A year at U of R

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Friday, August 04, 2006

Subclavian line or lunch?

I continued to be amazed by how involved I am already (on my sixth day of clinicals). Today was a busy day to say the least. I was on my feet from 7am to 3pm, with about a 15 minute lunch to sit down. Normally, I'd join everyone down in the cafeteria for a 45 minute lunch. Today, I took a short lunch to watch a subclavian line that was being inserted into a client's vein. Yesterday I took a short lunch to attend an epilepsy group meeting that is evaluating patients who are monitored in rooms 24/7 for up to 10 days while they deprive them of food, sleep, and submit them to strobe lights to try to induce a seizure. But more on that later.

Inserting the subclavian line sounds like a lot of drama. The doctors donned sterile gowns, gloves and caps, and there is some blood spurting. They use a needle and syringe initially to go underneath the clavicle to get to the subclavian vein. They know they have hit the vein when the syringe easily fills with blood. They then remove the syringe, and they put a guide wire through the needle into the vein. Then a plastic spreader and the actual line (a plastic tube), go onto the guide wire.

I stood by and tried not to get in the way. Occasionally I fetched some supplies that were needed, or helped re-attach an MD's gown. I talked to the client, and tried to give the client a hand-massage to keep the hand out of the sterile field. The MD's were particularly worried about this, because the sterile field was essentially the patient's entire draped body. So I held the patient's hand, and chatted when I could.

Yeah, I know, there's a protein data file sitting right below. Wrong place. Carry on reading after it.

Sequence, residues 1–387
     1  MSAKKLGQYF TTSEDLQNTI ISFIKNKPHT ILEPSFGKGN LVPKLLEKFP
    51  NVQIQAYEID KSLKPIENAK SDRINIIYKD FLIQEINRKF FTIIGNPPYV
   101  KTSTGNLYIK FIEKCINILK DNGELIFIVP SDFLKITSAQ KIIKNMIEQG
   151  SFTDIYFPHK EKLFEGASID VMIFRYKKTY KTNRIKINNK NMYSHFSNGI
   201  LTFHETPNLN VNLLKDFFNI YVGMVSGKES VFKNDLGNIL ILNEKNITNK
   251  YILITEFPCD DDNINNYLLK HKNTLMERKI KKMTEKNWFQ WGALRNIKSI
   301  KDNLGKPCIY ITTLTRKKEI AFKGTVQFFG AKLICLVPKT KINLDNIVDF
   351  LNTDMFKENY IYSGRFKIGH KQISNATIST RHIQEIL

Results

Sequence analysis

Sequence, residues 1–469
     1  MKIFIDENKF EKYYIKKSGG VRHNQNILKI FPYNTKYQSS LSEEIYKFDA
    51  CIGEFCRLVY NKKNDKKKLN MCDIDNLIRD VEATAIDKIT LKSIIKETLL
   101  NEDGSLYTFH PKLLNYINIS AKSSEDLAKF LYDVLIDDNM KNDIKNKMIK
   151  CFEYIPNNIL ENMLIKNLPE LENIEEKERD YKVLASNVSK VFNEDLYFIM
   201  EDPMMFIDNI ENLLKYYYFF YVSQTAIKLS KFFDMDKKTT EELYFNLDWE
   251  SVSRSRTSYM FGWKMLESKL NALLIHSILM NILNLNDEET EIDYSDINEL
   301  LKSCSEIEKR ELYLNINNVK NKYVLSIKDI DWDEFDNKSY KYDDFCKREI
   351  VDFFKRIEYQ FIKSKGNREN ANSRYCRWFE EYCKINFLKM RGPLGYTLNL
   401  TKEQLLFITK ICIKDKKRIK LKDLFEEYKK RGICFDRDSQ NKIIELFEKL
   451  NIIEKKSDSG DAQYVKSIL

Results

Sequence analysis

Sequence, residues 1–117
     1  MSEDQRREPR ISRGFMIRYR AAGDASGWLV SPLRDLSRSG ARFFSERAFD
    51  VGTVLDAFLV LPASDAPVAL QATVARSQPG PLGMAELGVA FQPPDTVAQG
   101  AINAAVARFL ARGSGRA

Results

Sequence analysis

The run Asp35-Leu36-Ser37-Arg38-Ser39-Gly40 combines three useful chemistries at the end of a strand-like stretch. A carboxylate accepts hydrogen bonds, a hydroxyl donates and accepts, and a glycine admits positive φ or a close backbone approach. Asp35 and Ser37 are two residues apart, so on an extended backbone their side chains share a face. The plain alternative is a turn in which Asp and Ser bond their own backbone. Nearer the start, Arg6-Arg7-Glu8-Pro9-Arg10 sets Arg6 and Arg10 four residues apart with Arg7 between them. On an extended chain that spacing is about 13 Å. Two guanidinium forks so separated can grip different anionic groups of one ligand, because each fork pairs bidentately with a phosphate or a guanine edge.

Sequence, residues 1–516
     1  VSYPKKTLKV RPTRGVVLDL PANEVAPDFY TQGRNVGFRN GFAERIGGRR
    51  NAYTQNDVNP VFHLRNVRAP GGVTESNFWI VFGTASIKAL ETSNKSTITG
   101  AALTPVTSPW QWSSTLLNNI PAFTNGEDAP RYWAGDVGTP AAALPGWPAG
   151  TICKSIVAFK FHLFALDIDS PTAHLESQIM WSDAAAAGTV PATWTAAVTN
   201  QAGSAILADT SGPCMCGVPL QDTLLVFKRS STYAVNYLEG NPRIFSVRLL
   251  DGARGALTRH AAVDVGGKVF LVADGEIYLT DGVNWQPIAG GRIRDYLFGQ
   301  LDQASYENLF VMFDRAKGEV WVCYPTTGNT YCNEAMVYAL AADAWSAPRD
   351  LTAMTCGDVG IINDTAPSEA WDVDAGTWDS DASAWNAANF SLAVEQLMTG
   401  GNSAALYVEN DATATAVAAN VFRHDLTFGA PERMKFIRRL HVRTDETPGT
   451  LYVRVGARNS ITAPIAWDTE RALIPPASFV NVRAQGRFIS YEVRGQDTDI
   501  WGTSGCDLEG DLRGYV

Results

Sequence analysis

I would not want these doctor's jobs, though. Two of them spent about an hour and a half stabbing away, trying to insert the line. Finally, they called in another physician, who also couldn't get the line in. He then tried for the jugular vein, but was unsuccessful there as well. It wasn't exactly made-for-TV drama. Just lots of uncomfortable poking. Still, I found it fascinating to watch. It was the first bloody procedure I'd seen. I was a little worried that I wouldn't be able to handle blood, but it wasn't a problem. I was mopping up clots from the client's hand, thinking about how hungry I was for lunch.